And I saw it, as an on-air guy down in South Florida and as somebody that was working with the RNC coms people and the Trump coms people, as a conservative radio host, I could not guests booked. We couldn't get guests booked. When Miller was running coms, it became nearly impossible.

Now, the people that were running coms prior to Miller and that team, it was very easy to get good guests booked. So I started seeing a difficulty in getting guests booked.

And then every time I turned on the television, turned on radio, or read something in print, A.J. Delgado had apparently replaced everyone else on the campaign as the premier spokesperson, spokeswoman. It was very weird to me.

Quite candidly, I never saw this coming. We thought maybe she had a relationship with one of the daughters or one of the daughters-in-law, or maybe she had done some legal work for some people previously or she had a patron that was a donor.

But what really crystallized for me that there was something else going on, was when she became the representative to the Cuban American community, which is a very important, very significant voting bloc in South Florida.

And when I was interfacing with some of the old guard -- and these were the solid conservatives. They go to Versailles Restaurant, and they hold court there. And if you don't know what Versailles is -- if you're ever in Miami and you watch any political campaign, whether it be presidential, gubinatorial, congressional, senatorial -- when you want the Cuban vote -- and believe me, you need it if you're going to win Florida. You go to Versailles. It's a restaurant down in Little Havana. That really is the kingdom. That's where you need to hold court and meet with the old guard.

And when I started talking to those guys and those women, they didn't know who she was. They said, who? Huh?

There were so many prominent Cuban Americans that should have had that role, and many of them were dismayed that A.J. Delgado, a young girl in her 30s, who really came out of nowhere, who was a columnist and, you know, commentator, pundit about the media, took a role that many, many other people were better suited for. Well, now it all makes sense.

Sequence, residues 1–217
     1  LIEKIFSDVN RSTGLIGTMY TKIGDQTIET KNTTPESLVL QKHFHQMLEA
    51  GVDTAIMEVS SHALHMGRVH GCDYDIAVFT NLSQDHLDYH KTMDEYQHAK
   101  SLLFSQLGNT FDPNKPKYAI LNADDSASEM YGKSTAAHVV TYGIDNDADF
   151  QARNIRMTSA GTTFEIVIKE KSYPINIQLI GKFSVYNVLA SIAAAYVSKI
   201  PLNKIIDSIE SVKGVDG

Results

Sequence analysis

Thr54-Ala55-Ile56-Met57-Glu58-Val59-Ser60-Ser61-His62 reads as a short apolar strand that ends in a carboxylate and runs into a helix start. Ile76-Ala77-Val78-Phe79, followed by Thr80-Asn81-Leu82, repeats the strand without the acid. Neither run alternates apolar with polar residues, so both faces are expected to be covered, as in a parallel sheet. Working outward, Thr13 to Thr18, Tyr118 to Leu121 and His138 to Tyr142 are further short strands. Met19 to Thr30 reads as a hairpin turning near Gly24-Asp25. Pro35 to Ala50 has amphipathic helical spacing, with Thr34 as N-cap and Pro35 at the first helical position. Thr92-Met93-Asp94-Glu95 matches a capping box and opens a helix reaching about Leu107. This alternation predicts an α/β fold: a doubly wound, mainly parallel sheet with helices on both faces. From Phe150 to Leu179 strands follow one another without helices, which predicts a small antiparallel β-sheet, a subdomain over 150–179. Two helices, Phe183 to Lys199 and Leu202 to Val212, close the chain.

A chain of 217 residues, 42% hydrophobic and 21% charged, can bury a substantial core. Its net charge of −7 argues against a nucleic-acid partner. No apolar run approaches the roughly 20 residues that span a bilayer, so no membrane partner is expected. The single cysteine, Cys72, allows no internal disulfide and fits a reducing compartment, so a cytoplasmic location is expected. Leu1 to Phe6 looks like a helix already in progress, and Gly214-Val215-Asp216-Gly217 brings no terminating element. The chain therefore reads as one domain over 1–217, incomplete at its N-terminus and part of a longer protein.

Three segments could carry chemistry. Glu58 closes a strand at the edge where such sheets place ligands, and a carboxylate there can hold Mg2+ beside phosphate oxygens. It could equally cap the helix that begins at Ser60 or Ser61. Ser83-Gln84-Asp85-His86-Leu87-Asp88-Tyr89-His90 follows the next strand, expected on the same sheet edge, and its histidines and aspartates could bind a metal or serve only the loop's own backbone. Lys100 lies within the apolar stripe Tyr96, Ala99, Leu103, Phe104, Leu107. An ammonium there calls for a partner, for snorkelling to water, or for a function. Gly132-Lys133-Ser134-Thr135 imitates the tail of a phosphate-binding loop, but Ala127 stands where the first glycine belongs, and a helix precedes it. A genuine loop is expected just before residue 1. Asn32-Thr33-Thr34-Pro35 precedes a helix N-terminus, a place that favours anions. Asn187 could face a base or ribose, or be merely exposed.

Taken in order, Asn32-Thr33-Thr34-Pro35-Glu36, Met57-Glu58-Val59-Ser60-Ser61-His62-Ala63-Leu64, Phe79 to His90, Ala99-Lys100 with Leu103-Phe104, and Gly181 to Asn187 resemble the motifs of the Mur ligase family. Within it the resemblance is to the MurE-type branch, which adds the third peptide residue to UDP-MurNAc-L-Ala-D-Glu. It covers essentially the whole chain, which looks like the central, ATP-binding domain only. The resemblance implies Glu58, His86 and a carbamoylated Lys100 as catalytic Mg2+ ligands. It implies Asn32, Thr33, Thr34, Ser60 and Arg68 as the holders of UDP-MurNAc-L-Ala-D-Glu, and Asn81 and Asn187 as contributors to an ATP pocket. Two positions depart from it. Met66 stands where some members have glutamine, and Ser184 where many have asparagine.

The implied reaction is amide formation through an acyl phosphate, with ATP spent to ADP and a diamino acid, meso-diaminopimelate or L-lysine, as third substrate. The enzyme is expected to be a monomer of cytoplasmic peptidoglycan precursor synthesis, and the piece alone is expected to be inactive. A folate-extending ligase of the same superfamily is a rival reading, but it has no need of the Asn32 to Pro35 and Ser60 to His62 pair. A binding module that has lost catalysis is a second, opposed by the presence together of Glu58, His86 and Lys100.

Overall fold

Now, look, I'm not the moral police. So I'm not here to judge anybody. But campaign affairs happen. And people who work on campaigns know they happen. And typically, both sides are smart enough to know that that affair ends when the campaign is over. People go back to their life.

They take jobs in the administration. There's more -- there's more scrutiny on the players at that point, on the ancillary staff. During the campaign, it's all on the candidates. There's limited airtime. The candidates are dueling it out. They're duking it out. But when the campaign is over, they start looking at staff, right?

Because if you're the left-wing media and you want to hurt a candidate, well, you have vetted that candidate to hell and back during the campaign. So barring them doing something really stupid or really egregious, there's not much more to report, other than your normal hit pieces and attacking their policy positions. And in the case -- Donald Trump, they beat him up on his tweets, which I happened to like, but I'll tell you why later.

But you look at the staff. And so Miller was a smart enough guy to realize, "Hey, they're going to be looking at me. This was a fun fling. Now it's time for real work. Now we are the candidate. Now we've got to go govern. Okay. Playtime is over. Let's get back to work."

Well, apparently this didn't set too well with Ms. Delgado. Now, what I've been told is an email went out to all of the major players on the transition team, depicting and detailing the affair.

Hell hath no fury like a Cubana scorned. I mean, from what I'm hearing, it was pretty bad.

She then took to Twitter with a series of tweets. And one of them referenced a -- and it's almost embarrassing for me, as a grown man, to say this on air, a baby daddy, which seemed to imply there was a little more to this affair and she had directed this at Jason Miller.

Well, her whole Twitter feed gets deleted. And I was told yesterday that both she and Miller were fired. Miller was allowed to quietly resign and save face. And A.J.'s face was quietly killed and she was made a pariah. And I was told she is on the, quote, unquote, warpath by someone very senior on the campaign.

But my point of bringing this to light, we have a duty -- right? Whether we're in the conservative media, the liberal media, when we get information like this, we've got a duty to let you know who the players are.

And I think -- I personally -- Donald Trump is going to be a very good president. And I'm going to tell you why in the next hour. I'm going to explain to you why his rhetoric and his style never scared me. It didn't bother me, as much as it did to other people. But I'll explain why I understand that it did bother and offend and scare some people.